New Images Reveal Clouds on Planet Uranus
The two sides of the planet Uranus, as viewed in this composite image by the Keck II Telescope at near infrared wavelengths. The bright splotches are clouds.
Credit: Lawrence Sromovsky, UW-Madison

New images of the planet Uranus reveal more diversity in cloud features than ever seen before.

The new images, from the Keck Telescope in Hawaii, provide insight into some of the most enigmatic weather in the solar system, researchers said today at a meeting of the Division for Planetary Sciences of the American Astronomical Society.

"The cloud features range from small to large, from dim and diffuse to sharp and bright, from rapidly evolving systems to stable features that last for years," said Lawrence Sromovsky of the University of Wisconsin-Madison's Space Science and Engineering Center.

A large storm in the southern hemisphere seesaws over 5 degrees of latitude during several years.

"It's weird behavior that hasn't been recognized before on Uranus," Sromovsky said. "It's similar to what's been seen on Neptune, although there the oscillation is much more rapid.

Sromovsky added that it's not surprising to see cloud features drifting in latitude, but models don't predict the movement. "We don't know what makes it keep coming back to its starting point," he said.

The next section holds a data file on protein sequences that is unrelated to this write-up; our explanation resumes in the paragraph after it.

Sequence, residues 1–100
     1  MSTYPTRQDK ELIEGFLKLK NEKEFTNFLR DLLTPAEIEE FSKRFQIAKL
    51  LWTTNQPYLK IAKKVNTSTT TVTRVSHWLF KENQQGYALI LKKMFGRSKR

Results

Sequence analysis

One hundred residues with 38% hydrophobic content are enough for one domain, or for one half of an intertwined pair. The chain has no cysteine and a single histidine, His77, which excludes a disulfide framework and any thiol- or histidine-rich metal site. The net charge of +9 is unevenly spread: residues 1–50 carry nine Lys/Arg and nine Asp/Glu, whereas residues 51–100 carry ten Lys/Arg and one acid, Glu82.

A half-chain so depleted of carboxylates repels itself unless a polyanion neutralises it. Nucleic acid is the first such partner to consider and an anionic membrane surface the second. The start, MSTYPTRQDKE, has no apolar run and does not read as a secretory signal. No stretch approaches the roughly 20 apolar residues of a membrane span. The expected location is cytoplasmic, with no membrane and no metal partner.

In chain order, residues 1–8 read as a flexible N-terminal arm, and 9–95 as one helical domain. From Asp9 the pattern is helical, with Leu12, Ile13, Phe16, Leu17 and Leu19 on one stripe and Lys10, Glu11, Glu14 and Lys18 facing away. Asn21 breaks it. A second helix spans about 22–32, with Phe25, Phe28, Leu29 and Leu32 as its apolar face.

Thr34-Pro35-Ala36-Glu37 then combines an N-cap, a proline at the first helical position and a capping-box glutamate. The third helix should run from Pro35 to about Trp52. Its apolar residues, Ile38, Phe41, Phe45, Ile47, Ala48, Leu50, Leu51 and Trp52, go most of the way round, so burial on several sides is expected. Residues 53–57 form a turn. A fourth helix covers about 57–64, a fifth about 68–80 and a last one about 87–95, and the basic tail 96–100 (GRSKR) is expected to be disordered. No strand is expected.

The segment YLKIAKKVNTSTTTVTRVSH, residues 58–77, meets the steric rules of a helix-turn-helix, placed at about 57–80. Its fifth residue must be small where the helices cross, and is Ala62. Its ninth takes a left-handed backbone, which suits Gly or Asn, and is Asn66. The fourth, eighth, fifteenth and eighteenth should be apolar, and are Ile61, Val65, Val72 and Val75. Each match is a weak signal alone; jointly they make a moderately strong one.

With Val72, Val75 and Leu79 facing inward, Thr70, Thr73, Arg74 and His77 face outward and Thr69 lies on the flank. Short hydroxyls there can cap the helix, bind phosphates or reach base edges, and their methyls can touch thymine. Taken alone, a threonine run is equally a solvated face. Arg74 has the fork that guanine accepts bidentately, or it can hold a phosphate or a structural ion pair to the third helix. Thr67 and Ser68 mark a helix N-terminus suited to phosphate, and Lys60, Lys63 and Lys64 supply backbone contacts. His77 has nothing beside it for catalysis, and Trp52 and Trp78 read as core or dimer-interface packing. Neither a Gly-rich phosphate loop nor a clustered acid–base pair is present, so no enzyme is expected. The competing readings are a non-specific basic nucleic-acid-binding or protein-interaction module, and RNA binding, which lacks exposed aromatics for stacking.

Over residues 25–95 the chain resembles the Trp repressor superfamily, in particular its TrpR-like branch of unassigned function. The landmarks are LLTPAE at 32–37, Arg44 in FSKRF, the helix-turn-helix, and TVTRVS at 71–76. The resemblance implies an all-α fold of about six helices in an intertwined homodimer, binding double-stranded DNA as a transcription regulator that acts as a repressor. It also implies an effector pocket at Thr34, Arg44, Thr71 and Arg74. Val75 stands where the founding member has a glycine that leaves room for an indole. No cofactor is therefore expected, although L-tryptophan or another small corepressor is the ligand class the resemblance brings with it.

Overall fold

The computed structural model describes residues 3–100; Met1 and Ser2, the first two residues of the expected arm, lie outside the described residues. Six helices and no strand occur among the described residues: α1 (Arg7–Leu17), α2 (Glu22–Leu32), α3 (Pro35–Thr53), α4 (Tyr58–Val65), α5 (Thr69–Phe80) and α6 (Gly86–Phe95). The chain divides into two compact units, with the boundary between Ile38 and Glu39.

The pictures also reveal a long, narrow complex of cloud features that is probably the largest group of atmospheric features ever seen on the planet. Spotted in the northern hemisphere, the 18,000-mile-long complex of clouds dissipated completely over the span of a month.

"These more dynamic systems seem to develop at northern latitudes where they rise to even higher latitudes, apparently using up energy and dissipating relatively rapidly," Sromovsky said.

The cloud features are being used to trace and help define wind patterns and predict the motions of the large storm systems that sweep across the pale blue planet.

"The large, longer-lived cloud features of Uranus may be underpinned by giant hurricane-like vortices, as we've seen on Neptune," says Sromovsky, "but it's unlikely that they are as violent as the hurricanes that routinely batter Florida, for example."

Terrestrial hurricanes are all about taking energy from tropical water and dissipating it farther north or over land. Uranus, which is 19 times as far from the sun as the Earth, has far less solar energy to dissipate.

Uranian storms seem to survive and thrive because the atmosphere is "slippery," providing less of the atmospheric resistance that help storms on Earth dispense their energy.

"There is very little temperature contrast and very little energy to drive the weather in Uranus," says Sromovsky. "Whatever is happening has to be well lubricated; it has to be a low-friction environment."